Fred Landrum's hand hurt a bit Monday morning, the result of catching baseball pitches tossed on Sunday by a hard thrower much younger than himself.
"Actually, I am a little sore all over," Landrum said.
The president of Prosperity America Inc. in Midland, Ga., said a few aches are expected from playing baseball at age 62. Still, he was planning to play in some softball games Monday evening.
Landrum plays in the Billy Hitchcock Men's Senior Baseball League, which conducts games on Sunday afternoons at Golden Park in Columbus and high school fields in and around Lee County, Ala.
Sunday at Golden Park, a draft of players took place and a couple of scrimmage games were played.
Landrum not only plays catcher but manages one of the teams.
He loves baseball and is thrilled to be able to compete at his age.
"Some folks are shocked when I tell them I play baseball," he said.
The Billy Hitchcock Men's Senior Baseball League was established in 2002. It is affiliated with the Men's Senior and Adult Baseball League, a national organization for baseball leagues for players of various skills and age.
Named for former major league player and manager Billy Hitchcock, the local league is an 18-and-over wood bat league.
It was begun by Gary Gomez, a Delta Air Lines pilot who lives in Auburn, Ala.
Gomez, 54, said he was driving to Peachtree City, Ga., to play baseball and got tired of traveling.
"We try to provide a professional atmosphere. These are serious amateur baseball players," Gomez said.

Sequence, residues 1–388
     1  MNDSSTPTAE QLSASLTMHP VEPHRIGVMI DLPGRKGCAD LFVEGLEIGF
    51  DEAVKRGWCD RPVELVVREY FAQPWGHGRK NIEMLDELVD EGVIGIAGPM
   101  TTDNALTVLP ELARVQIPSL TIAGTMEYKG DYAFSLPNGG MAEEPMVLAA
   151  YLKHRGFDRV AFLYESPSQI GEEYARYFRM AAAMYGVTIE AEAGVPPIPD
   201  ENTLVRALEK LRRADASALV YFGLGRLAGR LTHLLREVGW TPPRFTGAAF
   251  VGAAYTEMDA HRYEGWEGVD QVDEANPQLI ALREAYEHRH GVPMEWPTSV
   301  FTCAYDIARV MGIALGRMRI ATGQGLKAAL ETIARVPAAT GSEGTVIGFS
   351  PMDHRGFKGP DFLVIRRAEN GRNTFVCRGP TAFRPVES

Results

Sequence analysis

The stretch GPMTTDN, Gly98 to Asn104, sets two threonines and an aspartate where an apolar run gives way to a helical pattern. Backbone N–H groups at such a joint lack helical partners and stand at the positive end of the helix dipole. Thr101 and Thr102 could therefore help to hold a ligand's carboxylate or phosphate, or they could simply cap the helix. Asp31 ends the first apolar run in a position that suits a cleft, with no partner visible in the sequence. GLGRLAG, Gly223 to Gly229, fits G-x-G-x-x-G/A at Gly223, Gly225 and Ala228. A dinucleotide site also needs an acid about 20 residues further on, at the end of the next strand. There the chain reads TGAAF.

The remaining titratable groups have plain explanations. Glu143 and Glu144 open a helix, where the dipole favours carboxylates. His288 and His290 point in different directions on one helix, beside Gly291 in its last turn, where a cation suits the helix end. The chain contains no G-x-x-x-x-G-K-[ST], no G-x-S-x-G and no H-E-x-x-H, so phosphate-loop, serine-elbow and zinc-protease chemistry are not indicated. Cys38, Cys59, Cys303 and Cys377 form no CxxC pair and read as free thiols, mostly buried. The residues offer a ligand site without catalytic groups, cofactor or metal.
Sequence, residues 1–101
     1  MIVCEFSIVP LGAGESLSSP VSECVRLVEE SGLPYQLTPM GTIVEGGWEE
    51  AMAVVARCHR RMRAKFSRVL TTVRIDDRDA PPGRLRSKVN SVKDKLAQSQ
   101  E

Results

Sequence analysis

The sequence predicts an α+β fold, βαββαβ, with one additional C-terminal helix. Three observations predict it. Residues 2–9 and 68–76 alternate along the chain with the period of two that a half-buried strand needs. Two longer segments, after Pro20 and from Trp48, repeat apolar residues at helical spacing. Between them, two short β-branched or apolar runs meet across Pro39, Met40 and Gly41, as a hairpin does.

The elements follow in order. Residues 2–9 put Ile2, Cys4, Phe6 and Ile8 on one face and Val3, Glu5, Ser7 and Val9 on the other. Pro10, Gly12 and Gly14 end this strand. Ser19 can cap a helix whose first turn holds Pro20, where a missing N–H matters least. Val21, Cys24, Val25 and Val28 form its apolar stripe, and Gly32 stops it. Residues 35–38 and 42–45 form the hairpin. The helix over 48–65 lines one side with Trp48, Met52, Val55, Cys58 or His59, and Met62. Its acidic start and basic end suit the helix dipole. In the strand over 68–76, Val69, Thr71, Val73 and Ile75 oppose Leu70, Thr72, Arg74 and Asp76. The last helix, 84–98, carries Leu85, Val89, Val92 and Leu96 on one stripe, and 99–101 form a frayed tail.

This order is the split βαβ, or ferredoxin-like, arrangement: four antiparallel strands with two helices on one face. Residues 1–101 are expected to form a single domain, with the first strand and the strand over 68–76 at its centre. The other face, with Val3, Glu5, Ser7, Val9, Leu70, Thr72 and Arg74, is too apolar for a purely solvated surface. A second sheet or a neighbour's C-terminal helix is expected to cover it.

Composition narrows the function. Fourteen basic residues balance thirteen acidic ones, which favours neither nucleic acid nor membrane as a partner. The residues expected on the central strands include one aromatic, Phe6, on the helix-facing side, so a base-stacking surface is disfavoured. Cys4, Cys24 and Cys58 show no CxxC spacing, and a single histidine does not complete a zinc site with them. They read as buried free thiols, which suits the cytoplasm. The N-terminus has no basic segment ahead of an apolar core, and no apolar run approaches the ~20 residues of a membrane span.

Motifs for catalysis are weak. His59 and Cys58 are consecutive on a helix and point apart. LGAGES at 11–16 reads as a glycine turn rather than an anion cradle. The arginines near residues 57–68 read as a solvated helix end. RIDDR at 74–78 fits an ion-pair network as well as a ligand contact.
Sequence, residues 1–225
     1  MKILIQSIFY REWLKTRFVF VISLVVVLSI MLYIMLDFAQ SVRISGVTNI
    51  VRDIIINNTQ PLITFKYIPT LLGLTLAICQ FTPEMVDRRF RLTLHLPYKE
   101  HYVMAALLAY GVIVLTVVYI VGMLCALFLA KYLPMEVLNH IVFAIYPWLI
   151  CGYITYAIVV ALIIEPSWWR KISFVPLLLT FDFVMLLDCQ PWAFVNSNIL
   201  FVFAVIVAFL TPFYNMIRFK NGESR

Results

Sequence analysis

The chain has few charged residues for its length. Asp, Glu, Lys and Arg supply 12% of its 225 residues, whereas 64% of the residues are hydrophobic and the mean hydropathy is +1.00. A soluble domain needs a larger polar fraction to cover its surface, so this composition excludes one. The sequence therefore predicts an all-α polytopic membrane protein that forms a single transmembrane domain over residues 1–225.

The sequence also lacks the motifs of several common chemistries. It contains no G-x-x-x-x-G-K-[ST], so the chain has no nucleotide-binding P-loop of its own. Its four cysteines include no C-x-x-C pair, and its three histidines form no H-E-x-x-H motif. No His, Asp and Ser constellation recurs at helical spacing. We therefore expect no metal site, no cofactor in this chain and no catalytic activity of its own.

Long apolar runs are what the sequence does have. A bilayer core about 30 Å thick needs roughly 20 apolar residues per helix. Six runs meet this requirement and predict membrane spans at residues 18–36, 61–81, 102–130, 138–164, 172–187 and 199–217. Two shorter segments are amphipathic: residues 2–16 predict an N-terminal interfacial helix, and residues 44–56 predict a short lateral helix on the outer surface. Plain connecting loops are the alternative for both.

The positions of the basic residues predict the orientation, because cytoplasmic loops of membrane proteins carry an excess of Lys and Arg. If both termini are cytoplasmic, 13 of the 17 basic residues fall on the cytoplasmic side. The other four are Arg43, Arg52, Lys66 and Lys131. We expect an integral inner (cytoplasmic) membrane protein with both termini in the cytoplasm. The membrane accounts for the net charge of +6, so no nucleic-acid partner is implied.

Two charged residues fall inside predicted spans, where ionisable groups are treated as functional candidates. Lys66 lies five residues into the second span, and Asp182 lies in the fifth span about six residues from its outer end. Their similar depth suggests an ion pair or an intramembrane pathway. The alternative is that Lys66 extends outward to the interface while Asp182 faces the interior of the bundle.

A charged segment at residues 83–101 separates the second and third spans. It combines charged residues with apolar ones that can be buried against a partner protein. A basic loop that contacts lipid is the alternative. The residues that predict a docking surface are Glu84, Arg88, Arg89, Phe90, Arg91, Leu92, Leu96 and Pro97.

He said most of the players have
a good baseball background.
The season will begin in April and run into August. Gomez said there should be six teams with 18-20 players per team. The price tag for players varies among teams but usually runs about $150.
All you need is a glove, shoes with cleats and a love for the game, he said.
Landrum said there is free substitution in the games, so everyone plays.
Answers to other questions about the league may be found at www.billyhitchcockmsbl.com.
Gomez said people need to exercise and baseball "motivates you to get off your rear end."
Landrum and Gomez both said that as a way of staying physically fit, playing ball beats spending time in a gym.
Landrum said playing ball could inspire a person to go to the gym and get in better shape to play ball.
"It gives you a reason to want to go better yourself," Landrum said.
Phil Pattersen, 31, of Columbus, who is in the restaurant business in Atlanta, enjoys playing in the league.
"I pitch, but center field is my love," he said.
He said he played baseball in college and some minor league ball. He likes that he can continue to compete.
Like Landrum, he plays softball in addition to baseball.
He said that it is a great way to stay in shape and there is another benefit to playing ball:
"It's great stress relief," he said.